With its diverse coral reef systems, spectacular marine life and ancient ship and plane wrecks littering the ocean bed, the diving in this section of the Paciﬁc is also hard to beat.
Milne Bay is a tranquil province on the far eastern end of Papua New Guinea, and is famous for its stunning scenery and spectacular diving, as well as its history. Milne Bay itself is more than 35km / 21miles long and over 15km / 9 miles wide, remaining largely untouched by mass tourism.
Over the centuries, Milne Bay has been frequented by all walks of life, including the likes of missionaries, miners, pearl traders, scientists, biologists, geologists, Japanese and American soldiers and warships and planes – making Milne Bay a fascinating area packed to the rafters with history.
Throughout Milne Bay, there are a total of 160 named islands, while 500 smaller cays and atolls are spread out over a vast area of ocean – making for a world-class diving and exceptional sailing experience with an almost unlimited choice of islands and surrounding coral reef to be explored. In many regions of Milne Bay these reefs are characterised by dramatic overhangs, clefts and steep drop-offs, allowing for a consistently exciting dive experience.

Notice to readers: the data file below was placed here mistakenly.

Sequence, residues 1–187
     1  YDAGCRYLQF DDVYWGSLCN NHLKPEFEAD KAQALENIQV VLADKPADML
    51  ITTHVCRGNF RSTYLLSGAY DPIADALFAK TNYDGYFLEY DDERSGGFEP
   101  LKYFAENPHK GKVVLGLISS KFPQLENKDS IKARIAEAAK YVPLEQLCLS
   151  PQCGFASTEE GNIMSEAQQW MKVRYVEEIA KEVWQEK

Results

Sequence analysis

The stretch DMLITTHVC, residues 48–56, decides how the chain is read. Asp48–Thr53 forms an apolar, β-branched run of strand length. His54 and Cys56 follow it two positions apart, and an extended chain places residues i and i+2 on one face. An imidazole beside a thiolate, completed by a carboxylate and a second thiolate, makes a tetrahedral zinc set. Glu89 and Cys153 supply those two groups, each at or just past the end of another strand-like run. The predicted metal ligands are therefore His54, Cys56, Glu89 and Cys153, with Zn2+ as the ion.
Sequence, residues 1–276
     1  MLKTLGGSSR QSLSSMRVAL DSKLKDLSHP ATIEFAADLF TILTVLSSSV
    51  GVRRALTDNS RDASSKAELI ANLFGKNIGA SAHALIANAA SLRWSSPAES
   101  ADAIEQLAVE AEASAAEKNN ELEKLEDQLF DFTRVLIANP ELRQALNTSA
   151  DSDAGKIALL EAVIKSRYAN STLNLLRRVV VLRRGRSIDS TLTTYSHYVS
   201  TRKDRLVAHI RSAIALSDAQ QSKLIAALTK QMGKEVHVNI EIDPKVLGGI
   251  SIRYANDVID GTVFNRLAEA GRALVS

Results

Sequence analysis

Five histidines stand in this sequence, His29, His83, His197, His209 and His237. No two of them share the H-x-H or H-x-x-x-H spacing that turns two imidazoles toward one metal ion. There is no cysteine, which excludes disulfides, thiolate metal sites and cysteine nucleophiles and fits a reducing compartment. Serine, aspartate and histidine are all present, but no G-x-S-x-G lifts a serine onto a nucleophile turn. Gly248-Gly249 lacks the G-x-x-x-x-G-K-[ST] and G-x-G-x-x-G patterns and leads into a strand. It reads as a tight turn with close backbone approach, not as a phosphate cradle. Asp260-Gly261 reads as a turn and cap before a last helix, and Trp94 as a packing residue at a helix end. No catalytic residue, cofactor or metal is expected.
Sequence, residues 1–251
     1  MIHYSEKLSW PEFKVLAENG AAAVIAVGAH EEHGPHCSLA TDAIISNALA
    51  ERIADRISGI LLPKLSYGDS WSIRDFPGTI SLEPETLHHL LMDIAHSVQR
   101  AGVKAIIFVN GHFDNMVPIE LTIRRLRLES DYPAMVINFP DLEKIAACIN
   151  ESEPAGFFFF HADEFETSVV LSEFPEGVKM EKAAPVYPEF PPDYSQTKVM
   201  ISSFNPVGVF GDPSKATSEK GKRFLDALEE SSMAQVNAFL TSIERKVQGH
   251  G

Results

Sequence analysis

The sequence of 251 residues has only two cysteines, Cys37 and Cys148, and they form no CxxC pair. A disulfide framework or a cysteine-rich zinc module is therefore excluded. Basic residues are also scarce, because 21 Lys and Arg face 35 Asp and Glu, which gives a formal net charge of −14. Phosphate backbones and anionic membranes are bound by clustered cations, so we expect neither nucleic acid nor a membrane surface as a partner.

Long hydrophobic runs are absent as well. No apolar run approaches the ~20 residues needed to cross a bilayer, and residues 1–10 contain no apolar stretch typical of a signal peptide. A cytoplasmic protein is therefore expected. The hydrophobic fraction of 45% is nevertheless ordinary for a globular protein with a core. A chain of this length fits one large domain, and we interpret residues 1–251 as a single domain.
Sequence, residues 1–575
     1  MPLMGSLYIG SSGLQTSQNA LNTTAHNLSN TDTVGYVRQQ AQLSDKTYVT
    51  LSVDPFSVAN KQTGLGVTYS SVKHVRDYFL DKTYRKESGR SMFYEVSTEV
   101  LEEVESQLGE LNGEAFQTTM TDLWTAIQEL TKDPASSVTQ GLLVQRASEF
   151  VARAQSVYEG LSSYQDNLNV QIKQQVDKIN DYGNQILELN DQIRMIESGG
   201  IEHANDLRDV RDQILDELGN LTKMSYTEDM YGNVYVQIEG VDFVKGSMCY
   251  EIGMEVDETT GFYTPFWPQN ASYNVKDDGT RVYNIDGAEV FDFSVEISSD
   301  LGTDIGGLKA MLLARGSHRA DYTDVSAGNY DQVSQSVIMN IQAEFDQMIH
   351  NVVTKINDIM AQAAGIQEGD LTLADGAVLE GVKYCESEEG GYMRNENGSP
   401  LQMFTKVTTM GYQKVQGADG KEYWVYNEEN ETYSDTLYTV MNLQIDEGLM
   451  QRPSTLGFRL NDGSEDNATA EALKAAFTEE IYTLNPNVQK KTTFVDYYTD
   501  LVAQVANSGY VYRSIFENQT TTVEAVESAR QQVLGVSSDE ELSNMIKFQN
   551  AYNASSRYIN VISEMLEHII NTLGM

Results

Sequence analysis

The D’Entrecasteaux Islands is made up of three main islands; Goodenough, Fergusson and Normanby – the largest of the three. There are also a variety of smaller islands and reefs worth visiting, including Sanaroa and Dobu. The island of Dobu has long been studied by anthropologists due to its interesting mix of local island folk and cultures, while the island of Fergusson is home to a large, active volcano, known as Mount Vineuo which comes with bubbling mud pools, hot springs and sprouting geysers. Samarai, a 59-acre island has seen much in its time, and as a major battle site during World War II, saw much destruction. This island has been declared a National Historical Heritage Island and is deﬁnitely worth exploring for its World War II wreckage sites and deep-seated history.